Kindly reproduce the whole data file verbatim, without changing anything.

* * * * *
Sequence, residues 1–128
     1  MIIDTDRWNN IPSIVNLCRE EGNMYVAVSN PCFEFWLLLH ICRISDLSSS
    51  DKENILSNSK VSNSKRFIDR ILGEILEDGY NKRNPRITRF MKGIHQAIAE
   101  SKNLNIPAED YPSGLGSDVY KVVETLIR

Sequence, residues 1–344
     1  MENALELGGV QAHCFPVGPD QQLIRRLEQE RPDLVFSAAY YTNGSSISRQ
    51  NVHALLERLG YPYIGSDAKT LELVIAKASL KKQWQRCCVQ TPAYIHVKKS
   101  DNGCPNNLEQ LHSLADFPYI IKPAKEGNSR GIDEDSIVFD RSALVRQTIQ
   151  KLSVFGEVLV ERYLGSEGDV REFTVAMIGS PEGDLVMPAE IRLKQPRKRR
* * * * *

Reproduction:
Sequence, residues 1–128
     1  MIIDTDRWNN IPSIVNLCRE EGNMYVAVSN PCFEFWLLLH ICRISDLSSS
    51  DKENILSNSK VSNSKRFIDR ILGEILEDGY NKRNPRITRF MKGIHQAIAE
   101  SKNLNIPAED YPSGLGSDVY KVVETLIR

Sequence, residues 1–344
     1  MENALELGGV QAHCFPVGPD QQLIRRLEQE RPDLVFSAAY YTNGSSISRQ
    51  NVHALLERLG YPYIGSDAKT LELVIAKASL KKQWQRCCVQ TPAYIHVKKS
   101  DNGCPNNLEQ LHSLADFPYI IKPAKEGNSR GIDEDSIVFD RSALVRQTIQ
   151  KLSVFGEVLV ERYLGSEGDV REFTVAMIGS PEGDLVMPAE IRLKQPRKRR